“I haven’t seen you since the office party! Can I introduce you to my boyfriend?” a friend of mine said at a house party to a woman they have never met before who was being harassed by an aggressive, sober man. She went along with the act, grateful and relieved, and my friend called her a cab while they went outside to meet the imaginary boyfriend. On Master Of None, Dev (Aziz Ansari) and Denise (Lena Waithe) film a man masturbating on a crowded subway car before calling him out on the act, inciting other passengers to speak up and tell the conductor before calling the police, moments after having a conversation about how people see these kinds of acts all the time and usually do nothing. In real life, two students on bicycles stopped Brock Turner when they saw him attempting to rape a fellow Stanford student.

In his open letter to the Stanford survivor, Vice President Joe Biden wrote of “a culture that promotes passivity. That encourages young men and women on campuses to simply turn a blind eye.”

But it isn’t just college campuses. It’s high school dances and tree lined side streets in good neighborhoods. It’s public parking lots not long after dark. It’s your favorite bar or your best friend’s Christmas party or the church you’ve attended since you were three. It’s beaches and parks and bike trails. It’s alleyways that serve as the quickest way home.

A couple of weeks ago, a woman was stabbed and had her throat slit on the Chicago red line after saying “no” to a man who asked her to have his babies. Nobody did anything. Some people even took photos of her as she bled out on the floor. It happened on a train I take every day, at a stop not far from where I once walked alone to my partner’s apartment when we first started dating. But it could have happened anywhere. On another train, in another neighborhood, in another city.

“To see an assault about to take place and do nothing to intervene,” wrote Vice President Biden in his letter, “makes you part of the problem.”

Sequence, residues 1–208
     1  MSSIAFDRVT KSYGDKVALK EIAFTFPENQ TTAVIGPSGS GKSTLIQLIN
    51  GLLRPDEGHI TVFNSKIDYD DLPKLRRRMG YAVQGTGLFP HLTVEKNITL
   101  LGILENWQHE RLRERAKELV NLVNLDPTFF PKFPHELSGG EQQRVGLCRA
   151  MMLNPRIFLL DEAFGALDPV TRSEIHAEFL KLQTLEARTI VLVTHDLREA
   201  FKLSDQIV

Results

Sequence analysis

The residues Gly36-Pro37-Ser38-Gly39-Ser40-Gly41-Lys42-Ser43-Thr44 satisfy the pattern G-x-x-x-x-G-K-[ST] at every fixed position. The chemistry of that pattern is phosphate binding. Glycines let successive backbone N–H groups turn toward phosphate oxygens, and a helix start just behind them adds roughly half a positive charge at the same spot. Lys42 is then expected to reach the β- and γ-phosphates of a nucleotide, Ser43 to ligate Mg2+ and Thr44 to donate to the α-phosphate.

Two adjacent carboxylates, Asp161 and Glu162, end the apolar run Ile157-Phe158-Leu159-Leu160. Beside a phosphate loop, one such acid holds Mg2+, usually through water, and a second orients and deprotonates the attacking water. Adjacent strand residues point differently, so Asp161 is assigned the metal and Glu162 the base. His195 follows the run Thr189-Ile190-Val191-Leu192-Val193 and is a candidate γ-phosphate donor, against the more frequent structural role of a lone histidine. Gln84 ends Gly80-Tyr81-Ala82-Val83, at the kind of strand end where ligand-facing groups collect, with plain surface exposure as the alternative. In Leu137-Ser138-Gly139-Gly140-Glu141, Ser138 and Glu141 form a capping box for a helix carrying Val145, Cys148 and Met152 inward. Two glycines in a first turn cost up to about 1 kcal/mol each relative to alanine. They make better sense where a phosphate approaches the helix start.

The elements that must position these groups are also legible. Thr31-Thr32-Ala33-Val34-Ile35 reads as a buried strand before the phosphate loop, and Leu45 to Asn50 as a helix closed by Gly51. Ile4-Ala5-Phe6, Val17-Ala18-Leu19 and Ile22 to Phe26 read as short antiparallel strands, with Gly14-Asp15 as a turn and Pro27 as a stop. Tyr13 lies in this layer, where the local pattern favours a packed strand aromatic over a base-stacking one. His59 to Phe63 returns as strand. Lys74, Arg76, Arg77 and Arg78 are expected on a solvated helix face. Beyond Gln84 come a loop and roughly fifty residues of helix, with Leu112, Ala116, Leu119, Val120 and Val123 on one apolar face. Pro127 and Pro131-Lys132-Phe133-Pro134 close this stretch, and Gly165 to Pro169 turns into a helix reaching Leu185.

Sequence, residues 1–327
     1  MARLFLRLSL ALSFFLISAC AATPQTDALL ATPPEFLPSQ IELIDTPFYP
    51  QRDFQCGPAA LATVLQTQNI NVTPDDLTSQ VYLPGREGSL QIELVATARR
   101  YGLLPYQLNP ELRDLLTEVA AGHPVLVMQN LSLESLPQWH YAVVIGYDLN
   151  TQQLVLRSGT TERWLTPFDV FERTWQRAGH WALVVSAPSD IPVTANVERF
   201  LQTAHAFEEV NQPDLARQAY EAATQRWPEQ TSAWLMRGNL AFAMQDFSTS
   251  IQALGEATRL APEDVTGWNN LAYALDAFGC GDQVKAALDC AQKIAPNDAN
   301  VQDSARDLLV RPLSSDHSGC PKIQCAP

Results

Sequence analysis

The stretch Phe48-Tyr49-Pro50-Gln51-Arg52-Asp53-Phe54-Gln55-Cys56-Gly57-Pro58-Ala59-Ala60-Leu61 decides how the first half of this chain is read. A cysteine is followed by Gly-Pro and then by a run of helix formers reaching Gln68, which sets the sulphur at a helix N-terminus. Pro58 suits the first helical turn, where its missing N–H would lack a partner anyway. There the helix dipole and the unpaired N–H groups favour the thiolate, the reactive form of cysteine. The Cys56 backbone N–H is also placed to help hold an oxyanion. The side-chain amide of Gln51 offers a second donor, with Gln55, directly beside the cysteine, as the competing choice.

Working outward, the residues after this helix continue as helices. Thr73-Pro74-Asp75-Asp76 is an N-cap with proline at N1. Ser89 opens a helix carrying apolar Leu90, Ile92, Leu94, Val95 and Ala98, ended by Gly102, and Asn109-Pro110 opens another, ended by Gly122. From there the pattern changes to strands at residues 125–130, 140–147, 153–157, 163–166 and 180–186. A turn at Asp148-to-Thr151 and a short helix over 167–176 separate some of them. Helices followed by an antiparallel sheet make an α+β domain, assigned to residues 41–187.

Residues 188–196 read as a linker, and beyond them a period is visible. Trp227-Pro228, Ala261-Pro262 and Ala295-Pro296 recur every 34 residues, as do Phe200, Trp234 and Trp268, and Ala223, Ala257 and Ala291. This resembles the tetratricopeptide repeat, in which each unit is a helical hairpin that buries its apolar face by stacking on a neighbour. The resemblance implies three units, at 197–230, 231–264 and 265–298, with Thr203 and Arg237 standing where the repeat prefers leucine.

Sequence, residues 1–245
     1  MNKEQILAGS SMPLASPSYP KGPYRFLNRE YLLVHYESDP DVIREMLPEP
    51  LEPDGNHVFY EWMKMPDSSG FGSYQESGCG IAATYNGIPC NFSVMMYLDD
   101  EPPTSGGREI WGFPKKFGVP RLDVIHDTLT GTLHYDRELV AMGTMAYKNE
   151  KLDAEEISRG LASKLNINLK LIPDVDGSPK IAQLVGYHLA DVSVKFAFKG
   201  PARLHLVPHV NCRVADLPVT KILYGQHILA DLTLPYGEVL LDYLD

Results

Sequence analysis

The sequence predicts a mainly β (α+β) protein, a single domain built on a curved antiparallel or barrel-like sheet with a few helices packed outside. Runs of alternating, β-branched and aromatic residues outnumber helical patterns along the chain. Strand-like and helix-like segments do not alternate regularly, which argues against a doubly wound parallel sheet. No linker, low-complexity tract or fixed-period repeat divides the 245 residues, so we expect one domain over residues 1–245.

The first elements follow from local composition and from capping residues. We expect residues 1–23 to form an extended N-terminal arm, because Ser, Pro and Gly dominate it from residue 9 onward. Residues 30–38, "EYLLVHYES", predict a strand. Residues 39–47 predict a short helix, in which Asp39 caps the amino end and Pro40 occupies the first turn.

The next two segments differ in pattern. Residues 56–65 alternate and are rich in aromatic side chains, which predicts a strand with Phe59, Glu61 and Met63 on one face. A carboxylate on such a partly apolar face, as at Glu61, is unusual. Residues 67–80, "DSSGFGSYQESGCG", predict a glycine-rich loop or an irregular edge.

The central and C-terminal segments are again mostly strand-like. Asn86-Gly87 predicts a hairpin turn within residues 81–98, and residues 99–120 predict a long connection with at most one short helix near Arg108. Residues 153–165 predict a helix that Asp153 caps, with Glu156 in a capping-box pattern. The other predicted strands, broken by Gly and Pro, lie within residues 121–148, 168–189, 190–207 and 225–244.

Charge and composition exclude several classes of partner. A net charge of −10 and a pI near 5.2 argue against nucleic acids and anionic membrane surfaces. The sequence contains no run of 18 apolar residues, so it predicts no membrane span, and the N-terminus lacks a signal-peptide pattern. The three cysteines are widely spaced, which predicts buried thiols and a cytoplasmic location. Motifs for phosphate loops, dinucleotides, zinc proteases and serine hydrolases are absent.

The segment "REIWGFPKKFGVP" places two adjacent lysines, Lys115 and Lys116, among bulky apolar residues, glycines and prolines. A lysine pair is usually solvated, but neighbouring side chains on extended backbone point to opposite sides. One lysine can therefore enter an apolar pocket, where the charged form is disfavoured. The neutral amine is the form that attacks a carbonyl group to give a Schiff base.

I was in an abusive relationship for nearly two years. Several months in, we went on a double date with a good friend of mine and his girlfriend. We never went out with anybody. It lasted only an hour, just a quick dinner. The next day I woke up to a series of texts from my friend.

“You need to leave him.”

“You need to get out of there.”

“This is not okay.”

I didn’t leave then. I should’ve, but I also “should’ve” left long before that moment. But even though I didn’t listen to my friend in that moment, I did start to notice just how dangerous my relationship was. I stopped making excuses for my partner and started to see the framework of my abuse. I wasn’t able to do that the first time he made me feel bad about myself as a person. I wasn’t able to do that the first time he hit me, or the first time he raped me. But I was able to begin to do it the moment a friend brought attention to it. It wasn’t all just “in my head” anymore, I wasn’t being “crazy” or “manipulative” or “overreacting,” as my partner had brainwashed me to believe. This was real, and it was real because someone else, someone I trusted dearly ­­saw something and said something. It would take a few more of my friends seeing and saying something to finally push me to leave for good, but God knows how long I would’ve stayed had no one spoke up about what they saw being done to me.

There are dozens of reasons why people choose to do nothing. They don’t know the whole situation. They want to avoid conflict. They don’t want to make others feel uncomfortable. It isn’t their problem. It’s safer to do nothing. Whatever the reason, it’s always easier to do nothing. To say nothing. To pretend you don’t see it.

It would have been easy for two boys on bicycles to just keep going, to not stop, to pretend they didn’t see Brock Turner in the bushes holding a struggling girl to the ground. Maybe she would’ve still pressed charges. Maybe evidence would’ve still been brought against him in court. But maybe not. Maybe none of us would have ever known Brock Turner’s name. Joe Biden would have never written his letter.

I am begging you to not be a part of the problem. I am begging you to not be the one at the party who suspected something was wrong, the person they interview the morning or the week after. I am begging you to not play into a culture of passive, silent witnesses. There is too much violence, too much harassment and assault. There are too many lives who have been affected, permanently changed, and lost because of people who did nothing. Most have us have never hurt someone. Most of us have never raped someone. But most of us have turned a blind eye away from the uncomfortable moments where we could have acted.

I know it’s not easy. I know it will be scary. I assure you, however, the worst possible thing that could happen is not that you embarrass yourself, or embarrass another person, or make a scene. The worst possible thing that could happen is that you do nothing, you allow it to play out, and it happens again and again, behind closed doors in private places where people can't see anything.